Ward says the lesson for investors dealing with private equity selldowns is to ensure that the interests of private equity - if they remain in the company - are aligned with those of the new investors.

The other lesson is diversity - the well-worn investment maxim of not having all one's eggs in the one basket.

"You can find good investment stories but unfortunately, a lot of people have a bad one as well," Ward says.

Looking over the list of recently-listed tech stocks, he says there is no obvious reason why one IPO ends up as a star, while another fails to shine.

"You are investing in something that does not have visibility and it's very hard to provide that when you don't have a profit - and we have seen that with Xero and a2 Milk.

"A2 is making money now but it didn't when it started and it went for a period of time without making any cash.

"Xero is going to be profitable, but they are not a smooth ride."

Orion Health, which specialises in software for the healthcare industry, listed in November 2014 after raising $120 million in new capital. It sold 21.1 million shares at $5.70 - the top end of an indicative range - and listed at a big premium.

In its early days the company had a staggering market capitalisation of more than $1 billion, compared with just $205m today. Its shares now trade at $1.06 or so, a far cry from their peak of $6.05.

More problems for Orion emerged early this year, when the company said it had failed to close a number of contracts. Orion later required a $32.9m underwritten rights issue to shore up its balance sheet.

The company reported a $34.2m loss in the year to March, down from a $54.4m loss a year earlier.

For the current year, Orion is looking at an operating first-half loss of $20-$25m, but it expects to be profitable in the second half.

Gentrack, which develops software for utilities and airports, has had a better run, although it too had a problem missing contracts in its early days as a listed stock.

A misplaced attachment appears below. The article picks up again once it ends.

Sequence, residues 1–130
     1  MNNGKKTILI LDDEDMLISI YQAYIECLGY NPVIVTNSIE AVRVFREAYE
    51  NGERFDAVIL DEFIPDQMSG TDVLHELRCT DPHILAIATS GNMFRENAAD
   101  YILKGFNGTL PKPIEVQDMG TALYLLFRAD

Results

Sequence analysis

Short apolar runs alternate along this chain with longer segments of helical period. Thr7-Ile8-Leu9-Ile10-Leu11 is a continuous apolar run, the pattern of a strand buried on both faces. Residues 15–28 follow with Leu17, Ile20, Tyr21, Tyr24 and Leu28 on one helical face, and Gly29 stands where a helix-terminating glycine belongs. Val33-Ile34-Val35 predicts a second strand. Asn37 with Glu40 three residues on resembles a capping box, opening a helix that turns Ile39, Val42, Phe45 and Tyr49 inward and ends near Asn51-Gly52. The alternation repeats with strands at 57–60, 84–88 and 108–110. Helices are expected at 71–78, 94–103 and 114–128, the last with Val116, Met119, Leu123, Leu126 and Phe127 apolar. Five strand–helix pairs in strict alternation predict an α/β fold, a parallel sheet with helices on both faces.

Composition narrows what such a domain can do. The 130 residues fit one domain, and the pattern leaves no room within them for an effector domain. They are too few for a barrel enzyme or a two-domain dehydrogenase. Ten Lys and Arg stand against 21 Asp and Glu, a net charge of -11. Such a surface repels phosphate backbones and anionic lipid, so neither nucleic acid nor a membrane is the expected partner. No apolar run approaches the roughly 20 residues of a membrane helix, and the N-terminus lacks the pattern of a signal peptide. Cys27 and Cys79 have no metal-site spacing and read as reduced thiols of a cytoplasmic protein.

The company debuted in June 2014 at $2.40 a share and its shares last traded at $5.81.

Mark Lister, head of private wealth research at Craigs Investment Partners, says missing contracts is a risk in the software business.

"It's the nature of this type of industry," Lister says. "You are trying to win deals with offshore companies.

"They can be lumpy deals that are difficult to predict, but it's a high-risk part of the market."

Gentrack announced a net profit of $5.6m for the six months to March, up 46 per cent on the first half of 2016. The company has said it expects improved underlying earnings in the year to September of $24m, up from its previous guidance of $20m. Unlike many other tech companies, Gentrack pays a dividend.

Another newcomer - and dividend payer - is Vista, whose technology is used to manage cinema operations in more than 60 countries. Vista shares recently traded at $5.23, having debuted in August 2014 at $2.40.

For the six months to June, the company turned a $4.81m profit, up from $1.04m a year earlier.

Among the newly listed tech stocks, the big losers have been investors in Wynyard Group, which went into liquidation in February, after going into voluntary administration in October.

Wynyard, which listed in 2013 with an issue price of $1.15, had gone as high as $3.12 in 2014 before tanking to 21.5c, just before it went under.

Rob Mercer, head of private wealth research at Forsyth Barr, says the entrepreneurial spirit is evident in the recently listed tech stocks, but some may have come to the market too early.

"What characterises this list is the entrepreneurial energy of people using the equity market to accelerate the second phase to lift their businesses to a new level," says Mercer.

"That's what exchanges are there for, to raise capital.

"They believe in their business models and their global capabilities, but these models take time, so we are measuring these companies over a relatively short period, and you get the volatility of success and failure that comes with that," he says.